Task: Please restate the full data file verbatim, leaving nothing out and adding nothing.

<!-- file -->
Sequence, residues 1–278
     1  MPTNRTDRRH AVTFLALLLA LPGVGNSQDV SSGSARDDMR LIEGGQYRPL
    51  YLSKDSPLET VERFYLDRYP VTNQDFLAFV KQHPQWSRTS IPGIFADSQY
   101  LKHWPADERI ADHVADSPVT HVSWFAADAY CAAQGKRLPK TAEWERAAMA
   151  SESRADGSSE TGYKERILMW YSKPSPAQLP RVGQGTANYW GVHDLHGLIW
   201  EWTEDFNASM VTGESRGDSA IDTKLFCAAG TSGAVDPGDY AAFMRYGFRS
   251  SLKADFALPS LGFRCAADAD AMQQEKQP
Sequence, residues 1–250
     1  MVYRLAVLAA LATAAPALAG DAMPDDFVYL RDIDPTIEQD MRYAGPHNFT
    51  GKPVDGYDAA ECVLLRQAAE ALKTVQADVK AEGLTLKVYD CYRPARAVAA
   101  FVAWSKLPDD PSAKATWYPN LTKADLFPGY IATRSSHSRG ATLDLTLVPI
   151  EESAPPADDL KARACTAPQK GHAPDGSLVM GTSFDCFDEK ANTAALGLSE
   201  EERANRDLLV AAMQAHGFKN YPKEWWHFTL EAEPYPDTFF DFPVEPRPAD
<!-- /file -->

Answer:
Sequence, residues 1–278
     1  MPTNRTDRRH AVTFLALLLA LPGVGNSQDV SSGSARDDMR LIEGGQYRPL
    51  YLSKDSPLET VERFYLDRYP VTNQDFLAFV KQHPQWSRTS IPGIFADSQY
   101  LKHWPADERI ADHVADSPVT HVSWFAADAY CAAQGKRLPK TAEWERAAMA
   151  SESRADGSSE TGYKERILMW YSKPSPAQLP RVGQGTANYW GVHDLHGLIW
   201  EWTEDFNASM VTGESRGDSA IDTKLFCAAG TSGAVDPGDY AAFMRYGFRS
   251  SLKADFALPS LGFRCAADAD AMQQEKQP
Sequence, residues 1–250
     1  MVYRLAVLAA LATAAPALAG DAMPDDFVYL RDIDPTIEQD MRYAGPHNFT
    51  GKPVDGYDAA ECVLLRQAAE ALKTVQADVK AEGLTLKVYD CYRPARAVAA
   101  FVAWSKLPDD PSAKATWYPN LTKADLFPGY IATRSSHSRG ATLDLTLVPI
   151  EESAPPADDL KARACTAPQK GHAPDGSLVM GTSFDCFDEK ANTAALGLSE
   201  EERANRDLLV AAMQAHGFKN YPKEWWHFTL EAEPYPDTFF DFPVEPRPAD